Mission Thought of the Day


There is an importance in places. I sometimes wonder what it is like to grow up in the digitally connected world. It is quite possible that many who are now in their 30’s have never been in a place where it wasn’t possible to pick up a device and phone, or latterly video message, a family member and get an instant response.

Homesickness was a part of the whole experience of going to organised summer camps in my childhood. Camping meant heading into the hills for a weekend, or week, with all that you needed and no contact with home. Scotland is small so even then you were usually only at most a day’s walk from a house or a payphone, but still the experience of being disconnected from home started a process of being at home with yourself and companions (if you travelled with some).

When Jesus passed through death the recorded stories describe him meeting his friends in the rooms where they ate together. They met on the beaches of the sea where they had often eaten fish and he had talked to the crowds. I wonder if Jesus walked in the hills, meeting other people in ways that are not recorded. Did Jesus go home to the places of his formative years, and experience them with new eyes?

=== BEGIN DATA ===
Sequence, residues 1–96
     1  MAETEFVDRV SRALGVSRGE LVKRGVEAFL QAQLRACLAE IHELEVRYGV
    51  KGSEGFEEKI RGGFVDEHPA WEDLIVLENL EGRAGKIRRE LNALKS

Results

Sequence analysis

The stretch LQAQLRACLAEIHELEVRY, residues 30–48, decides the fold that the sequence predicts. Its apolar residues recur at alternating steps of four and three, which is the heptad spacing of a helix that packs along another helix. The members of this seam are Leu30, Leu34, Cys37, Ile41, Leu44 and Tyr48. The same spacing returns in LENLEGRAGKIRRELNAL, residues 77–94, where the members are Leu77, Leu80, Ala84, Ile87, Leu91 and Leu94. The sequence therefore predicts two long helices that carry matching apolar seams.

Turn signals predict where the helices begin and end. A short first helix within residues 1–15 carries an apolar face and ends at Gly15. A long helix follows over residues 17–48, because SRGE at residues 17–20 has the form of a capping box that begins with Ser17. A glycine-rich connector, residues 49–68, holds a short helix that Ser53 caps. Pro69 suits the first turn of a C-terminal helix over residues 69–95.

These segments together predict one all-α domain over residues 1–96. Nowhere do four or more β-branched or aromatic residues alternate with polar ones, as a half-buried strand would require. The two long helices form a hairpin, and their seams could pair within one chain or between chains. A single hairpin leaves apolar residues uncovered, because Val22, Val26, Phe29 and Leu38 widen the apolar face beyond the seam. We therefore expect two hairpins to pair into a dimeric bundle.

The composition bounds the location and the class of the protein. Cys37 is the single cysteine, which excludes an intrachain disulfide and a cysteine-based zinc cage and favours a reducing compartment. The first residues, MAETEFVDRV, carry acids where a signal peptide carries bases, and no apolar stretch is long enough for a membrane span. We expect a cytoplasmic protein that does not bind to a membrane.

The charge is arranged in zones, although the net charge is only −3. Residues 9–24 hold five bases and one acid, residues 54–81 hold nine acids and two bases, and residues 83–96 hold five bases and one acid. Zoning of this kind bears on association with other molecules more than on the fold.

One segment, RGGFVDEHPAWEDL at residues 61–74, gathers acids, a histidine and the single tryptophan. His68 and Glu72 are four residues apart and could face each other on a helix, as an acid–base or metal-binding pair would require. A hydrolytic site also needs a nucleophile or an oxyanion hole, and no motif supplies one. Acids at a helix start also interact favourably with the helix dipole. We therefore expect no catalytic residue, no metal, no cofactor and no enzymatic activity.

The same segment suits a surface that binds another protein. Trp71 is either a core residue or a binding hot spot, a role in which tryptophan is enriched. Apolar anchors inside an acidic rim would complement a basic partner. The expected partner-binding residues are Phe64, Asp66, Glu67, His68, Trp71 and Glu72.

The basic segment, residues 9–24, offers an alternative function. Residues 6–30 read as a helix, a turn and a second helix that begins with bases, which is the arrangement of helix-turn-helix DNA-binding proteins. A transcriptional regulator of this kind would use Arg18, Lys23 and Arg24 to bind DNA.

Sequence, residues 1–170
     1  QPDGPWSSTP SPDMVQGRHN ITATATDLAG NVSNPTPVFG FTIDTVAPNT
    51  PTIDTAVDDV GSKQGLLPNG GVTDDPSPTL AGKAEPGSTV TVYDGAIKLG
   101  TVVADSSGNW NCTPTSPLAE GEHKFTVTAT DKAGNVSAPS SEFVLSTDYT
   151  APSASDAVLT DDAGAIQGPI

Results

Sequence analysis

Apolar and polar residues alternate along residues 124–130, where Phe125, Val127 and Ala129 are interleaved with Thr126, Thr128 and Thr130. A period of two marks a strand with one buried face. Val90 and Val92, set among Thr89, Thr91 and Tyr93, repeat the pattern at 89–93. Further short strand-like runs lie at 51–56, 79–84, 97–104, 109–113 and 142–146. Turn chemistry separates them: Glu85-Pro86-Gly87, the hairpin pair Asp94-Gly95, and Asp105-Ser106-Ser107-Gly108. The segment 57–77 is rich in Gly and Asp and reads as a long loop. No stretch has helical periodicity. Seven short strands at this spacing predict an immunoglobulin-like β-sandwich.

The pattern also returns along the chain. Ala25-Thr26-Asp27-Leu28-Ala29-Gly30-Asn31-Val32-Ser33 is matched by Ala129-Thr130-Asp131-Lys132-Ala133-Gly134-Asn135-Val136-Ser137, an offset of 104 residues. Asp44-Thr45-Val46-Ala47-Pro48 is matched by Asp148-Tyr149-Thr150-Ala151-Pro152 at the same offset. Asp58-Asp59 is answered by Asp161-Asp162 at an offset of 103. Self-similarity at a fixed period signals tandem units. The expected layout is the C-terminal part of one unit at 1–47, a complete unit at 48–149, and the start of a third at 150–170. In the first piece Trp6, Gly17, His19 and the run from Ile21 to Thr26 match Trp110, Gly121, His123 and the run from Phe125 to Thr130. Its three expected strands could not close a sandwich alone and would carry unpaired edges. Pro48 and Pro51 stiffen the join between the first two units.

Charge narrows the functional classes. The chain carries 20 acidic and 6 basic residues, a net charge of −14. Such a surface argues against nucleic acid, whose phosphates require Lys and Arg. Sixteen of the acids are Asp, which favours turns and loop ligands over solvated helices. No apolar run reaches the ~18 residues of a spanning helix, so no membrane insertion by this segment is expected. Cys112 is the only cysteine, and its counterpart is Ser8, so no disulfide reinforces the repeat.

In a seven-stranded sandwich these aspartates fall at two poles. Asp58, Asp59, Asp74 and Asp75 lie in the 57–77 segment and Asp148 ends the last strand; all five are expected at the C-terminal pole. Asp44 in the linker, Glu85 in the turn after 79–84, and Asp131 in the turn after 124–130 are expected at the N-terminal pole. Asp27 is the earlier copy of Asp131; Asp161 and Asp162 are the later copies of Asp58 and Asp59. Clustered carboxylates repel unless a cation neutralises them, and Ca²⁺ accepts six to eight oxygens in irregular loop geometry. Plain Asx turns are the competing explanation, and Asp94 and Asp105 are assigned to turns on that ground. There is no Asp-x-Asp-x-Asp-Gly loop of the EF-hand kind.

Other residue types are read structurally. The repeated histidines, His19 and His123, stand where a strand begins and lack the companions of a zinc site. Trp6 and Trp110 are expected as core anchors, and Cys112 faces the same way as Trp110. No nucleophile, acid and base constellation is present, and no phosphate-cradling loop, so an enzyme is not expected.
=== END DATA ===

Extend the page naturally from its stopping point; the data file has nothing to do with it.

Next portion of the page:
These stories are part of our creation/alienation/reconciliation story of good news. Feelings of homesickness are real experiences which require us to develop resilience (in many diverse ways!). Feelings of dissonance between our experience of places and our ideas of what they could be or have been can be like losing a limb, or falling physically ill.

Friends gathered on a beach eating food cooked on a wood fire.

When Jesus calls out for his father on the cross this experience of alienation is set in the foreground of the story of the good news. However, perhaps in stories when Jesus is eating fish with his friends on the beach or walking down a dusty road having a chat, we can glimpse the feeling of home which the aching chaos of absence is pregnant with.

Is this why people go on pilgrimage? We don’t seek out suffering, but by placing ourselves in a position of adventure we can heighten our ability for #SensingSpirituality. In leaving home we can develop skills in making ‘place’. In entering the experience of absence, and encountering doubt we can grow in Faith.

… but as friends of Jesus. Not as servants driven by a need to impress a master whos purpose we cannot guess.

A place to make a “sitting place” on the Crichton estate?

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